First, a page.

where Ω denotes the Lebesgue measure of Ω and
Next, our task is to estimate the first term on the rightside of (2.3). In view of Cauchy's inequality, we see that
Furthermore, by Lemma 1.4.4 in [12], we know that there exists δ > 0 such that
Combining now (2.3)(2.5), we deduce that
Likewise, taking test function in (2.2), we have that
where C_{3}, C_{4 }denote some positive constants. Moreover, there exists a large enough constant C, such that
Now, we write
then, (2.8) implies that
By Gronwall's inequality, we know that y(τ) = 0, for any τ ∈ [0, T]. Thus, , this means that , in as desired. The proof of Proposition 2.3 is complete. □
With the above established comparison principle in hand, we are able to show the basic existence theorem of weak solutions. Here, we only state the local existence theorem, and its proof is standard [12, 16, for more details].
Theorem 2.1 Given , there is some T_{0 }> 0 such that the problem (1.1) admits a nonnegative unique weak solution (u, v) for each t < T_{0}, and . Furthermore, either T_{0 }= ∞ or
3 Proof of Theorem 1.1
Proof of Theorem 1.1. Notice that (1/τ, 1/θ) < (0, 0) implies
We will prove Theorem 1.1 in four subcases.
(a) For μ = r, γ = s, we then have mn < rs. Let , where , will be determined later. After a simple computation, we have
and
So, is a timeindependent supersolution of problem (1.1) if
i.e.,
(b) For μ = p  1, γ = q  1, we then have mn < (p  1)(q  1). Let
where φ, ψ satisfying (1.7) and (1.8), respectively. Taking
and
then it is easy to verify that is a global supersolution for system (1.1).
(c) For μ = r, γ = q  1, we then have mn < r(q  1). Choose and satisfy
Let with ψ defined by (1.8). By direct Computation, we arrive at
and
(d) For μ = p  1, γ = s, we then have mn < r(q  1). Let with φ defined by (1.7), where and . Then, (3.2) and (3.3) hold if
The proof of Theorem 1.1 is complete. □
4 Proof of Theorem 1.2
Proof of Theorem 1.2. Observe that 1/τ, 1/θ > 0 implies
For μ = r, γ = s. Choosing
then is a global supersolution for problem (1.1) provided that and .
For μ = p  1, γ = q  1. Let , where φ and ψ satisfying (1.7) and (1.8), respectively. Choosing
and
therefore, is a global supersolution for system (1.1) if and .
For other cases, the solutions of (1.1) should be global due to the above discussion.
Next, we begin to prove our blowup conclusion under large enough initial data. Due to the requirement of the comparison principle, we will construct blowup subsolutions in some subdomain of Ω in which u, v > 0. We use an idea from Souplet [31] and apply it to degenerate equations. Since problem (1.1) does not make sense for negative values of (u, v), we actually consider the following problem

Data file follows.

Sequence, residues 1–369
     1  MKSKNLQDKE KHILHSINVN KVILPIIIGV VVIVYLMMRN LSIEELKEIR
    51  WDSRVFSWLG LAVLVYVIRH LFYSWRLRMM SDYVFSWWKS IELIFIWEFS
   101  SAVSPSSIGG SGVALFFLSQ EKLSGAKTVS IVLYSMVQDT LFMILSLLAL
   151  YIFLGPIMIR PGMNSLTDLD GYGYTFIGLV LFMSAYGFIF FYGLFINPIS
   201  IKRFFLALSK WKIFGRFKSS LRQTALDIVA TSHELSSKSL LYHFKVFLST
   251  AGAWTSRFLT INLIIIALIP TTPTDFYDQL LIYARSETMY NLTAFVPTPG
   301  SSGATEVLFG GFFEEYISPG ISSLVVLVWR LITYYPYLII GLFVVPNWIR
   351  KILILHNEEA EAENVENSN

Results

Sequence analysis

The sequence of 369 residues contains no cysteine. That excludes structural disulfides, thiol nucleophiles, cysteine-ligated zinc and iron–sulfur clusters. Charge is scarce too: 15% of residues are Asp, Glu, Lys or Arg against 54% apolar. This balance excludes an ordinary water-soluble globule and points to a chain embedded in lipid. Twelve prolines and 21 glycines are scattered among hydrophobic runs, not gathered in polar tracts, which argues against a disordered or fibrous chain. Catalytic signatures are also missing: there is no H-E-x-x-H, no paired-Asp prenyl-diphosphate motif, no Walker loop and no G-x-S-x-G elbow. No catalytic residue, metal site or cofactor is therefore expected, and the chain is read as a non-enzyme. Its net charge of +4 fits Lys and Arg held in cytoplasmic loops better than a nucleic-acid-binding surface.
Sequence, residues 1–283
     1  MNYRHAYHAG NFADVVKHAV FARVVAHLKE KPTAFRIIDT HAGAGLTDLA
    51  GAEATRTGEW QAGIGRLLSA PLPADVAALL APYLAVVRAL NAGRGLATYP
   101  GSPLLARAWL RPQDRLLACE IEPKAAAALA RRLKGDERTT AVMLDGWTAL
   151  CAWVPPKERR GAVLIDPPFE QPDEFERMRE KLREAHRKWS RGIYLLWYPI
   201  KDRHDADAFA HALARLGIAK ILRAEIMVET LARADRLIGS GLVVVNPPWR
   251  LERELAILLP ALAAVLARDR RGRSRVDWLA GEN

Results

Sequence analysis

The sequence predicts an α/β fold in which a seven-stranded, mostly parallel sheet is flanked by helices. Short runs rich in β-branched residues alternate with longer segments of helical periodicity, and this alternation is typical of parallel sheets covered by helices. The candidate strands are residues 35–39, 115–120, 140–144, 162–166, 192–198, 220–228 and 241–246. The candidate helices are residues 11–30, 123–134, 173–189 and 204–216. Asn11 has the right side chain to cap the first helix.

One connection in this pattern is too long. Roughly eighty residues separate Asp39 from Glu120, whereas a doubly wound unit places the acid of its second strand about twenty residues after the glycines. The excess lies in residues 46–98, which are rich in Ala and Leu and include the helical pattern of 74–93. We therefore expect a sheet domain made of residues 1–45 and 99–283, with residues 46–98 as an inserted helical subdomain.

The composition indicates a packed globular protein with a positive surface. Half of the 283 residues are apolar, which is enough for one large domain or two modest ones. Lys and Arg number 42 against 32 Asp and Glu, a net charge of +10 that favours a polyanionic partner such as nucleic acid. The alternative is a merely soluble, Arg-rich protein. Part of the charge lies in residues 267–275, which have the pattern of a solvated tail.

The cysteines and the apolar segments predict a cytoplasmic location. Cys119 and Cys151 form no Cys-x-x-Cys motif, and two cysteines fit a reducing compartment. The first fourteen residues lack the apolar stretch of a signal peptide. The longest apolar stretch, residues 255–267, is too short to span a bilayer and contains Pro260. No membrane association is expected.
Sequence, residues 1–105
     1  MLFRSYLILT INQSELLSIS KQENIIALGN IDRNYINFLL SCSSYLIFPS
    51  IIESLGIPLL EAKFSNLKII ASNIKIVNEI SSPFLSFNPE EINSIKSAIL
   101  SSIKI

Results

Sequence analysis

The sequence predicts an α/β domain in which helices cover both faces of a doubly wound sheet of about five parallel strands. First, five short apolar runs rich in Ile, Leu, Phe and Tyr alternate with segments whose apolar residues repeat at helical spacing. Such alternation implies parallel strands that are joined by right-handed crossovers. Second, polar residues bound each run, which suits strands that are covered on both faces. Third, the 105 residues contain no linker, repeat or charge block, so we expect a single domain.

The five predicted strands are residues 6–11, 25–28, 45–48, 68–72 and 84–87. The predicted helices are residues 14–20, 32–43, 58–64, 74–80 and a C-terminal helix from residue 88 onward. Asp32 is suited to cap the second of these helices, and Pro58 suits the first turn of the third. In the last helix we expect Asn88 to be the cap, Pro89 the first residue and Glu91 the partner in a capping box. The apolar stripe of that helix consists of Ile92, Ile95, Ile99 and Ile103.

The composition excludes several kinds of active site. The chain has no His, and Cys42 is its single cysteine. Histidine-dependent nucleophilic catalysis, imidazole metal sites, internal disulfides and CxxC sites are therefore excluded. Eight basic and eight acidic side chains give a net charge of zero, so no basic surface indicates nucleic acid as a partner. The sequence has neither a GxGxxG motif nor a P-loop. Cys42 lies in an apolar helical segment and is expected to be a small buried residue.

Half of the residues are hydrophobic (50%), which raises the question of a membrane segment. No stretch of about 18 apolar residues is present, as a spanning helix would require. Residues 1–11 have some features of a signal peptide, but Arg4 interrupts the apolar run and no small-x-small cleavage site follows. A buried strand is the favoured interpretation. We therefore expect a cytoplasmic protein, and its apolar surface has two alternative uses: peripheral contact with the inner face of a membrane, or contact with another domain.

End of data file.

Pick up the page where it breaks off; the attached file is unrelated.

where u_{+ }= max{0, u}, v_{+ }= max{0, v}. Let ϖ(x) be a nontrivial nonnegative continuous function and vanish on ∂Ω. Without loss of generality, we may assume that 0 ∈ Ω and ϖ(0) > 0. We shall construct a selfsimilar blowup subsolution to complete our proof.
Set
here
and l_{i}, σ_{i }> 0(i = 1, 2), 0 < T < 1 are to be determined later. Notice the fact that
for sufficiently small T > 0.
Calculating directly, we obtain
and
where
On the other hand, we know
here H_{x}(
 u
 v
 u
 v
Further, we have
and
Since 1/τ, 1/θ < 0, we see that μγ < mn. In addition, it is clear that
For , we choose l_{1 }and l_{2 }such that
Recall that μ = max{p  1, r} and γ = max{q  1, s}, then (4.9) implies
and
Next, we can choose positive constants σ_{1}, σ_{2 }sufficiently small such that
consequently, we have
For , we fix l_{1 }and l_{2 }to satisfy
then we can also select σ_{1}, σ_{2 }small enough such that (4.10) holds.
From (4.6), (4.7) and (4.10), for sufficiently small T > 0, it follows that
Since ϖ(0) > 0 and ϖ(x) are continuous, there exist two positive constants ρ and ε such that ϖ(x) ≥ ε for all x ∈ B(0, ρ) ⊂ Ω. Choose T small enough to insure , hence
 u
 v
 u
 v
5 Proof of Theorem 1.3
Proof of Theorem 1.3. In the critical case of (1/τ, 1/θ) = (0, 0), we have mn = μγ.
(i) For r > p  1, s > q  1, we know mn = rs. Thanks to α^{n}β^{r }≥ Ω^{n+r}, we can choose A and B sufficiently large such that , and
Clearly, is a supersolution of problem (1.1), then by comparison principle, the solution of (1.1) should be global.
Next, we begin to prove our blowup conclusion. Since mn = rs, we can choose constants l_{1}, l_{2 }> 1 such that
According to Proposition 2.3, we only need to construct a suitable blowup subsolution of problem (1.1) on . Let y(t) be the solution of the following ordinary differential equation
where
Since and , we have c_{1 }> 0. On the other hand, by virtue of (5.1), it is easy to see that δ_{1 }> δ_{2}. Then, it is obvious that there exists a constant 0 < T' < +∞ such that
Construct
where φ, ψ satisfying (1.7) and (1.8), respectively. Moreover, by the assumptions on initial data, we can take small enough constant y_{0 }such that
Now, we begin to verify that (
 u
 v
Similarly, we also have
On the other hand, ∀t ∈ [0, T], we have
and
Combining now (5.2)(5.6), we see that (
 u
 v
 u
 v
 u
 v
(ii) For p  1 > r, q  1 > s, we know mn = (p  1)(q  1). Under the assumption , we can choose A, B such that
Then, is a global supersolution of (1.1).
Since mn = (p  1)(q  1), we can choose constants l_{1}, l_{2 }> 1 such that
Next, we consider the following ordinary differential equation
where
Since , , we have c_{1 }> 0. On the other hand, in light of (5.7), it is easy to show that δ_{1 }> δ_{2}. Then, it is clear that y(t) will become infinite in a finite time T' < +∞.
Let
where φ(x), ψ(x) satisfies (1.7) and (1.8), respectively. Similar to the arguments for the case r > p  1, s > q  1, we can prove that (
 u
 v
(iii) For p  1> r, s > q  1, we know mn = s(p  1). Since , we can choose A, B such that
We can check is a global supersolution of (1.1).
Thanks to mn = s(p  1), we can choose constants l_{1}, l_{2 }> 1 such that
Let
where φ(x), ψ(x) are defined in (1.7) and (1.8), respectively, and y(t) satisfies the following Cauchy problem
where
Then, the left arguments are the same as those for the case r > p  1, s > q  1, so we omit them.
(iv) The proof of this case is parallel to (iii). The proof of Theorem 1.3 is complete. □
Competing interests
The authors declare that they have no competing interests.
Authors' contributions
The authors declare that the work was realized in collaboration with same responsibility. All authors read and approved the final manuscript.
Acknowledgements
The authors are very grateful to the anonymous referees and the editor for their careful reading and useful suggestions, which greatly improved the presentation of the paper. Dengming Liu is supported by the Fundamental Research Funds for the Central Universities (Project No. CDJXS 11 10 00 19). Chunlai Mu is supported in part by NSF of China (Project No. 10771226) and in part by Natural Science Foundation Project of CQ CSTC (Project No. 2007BB0124).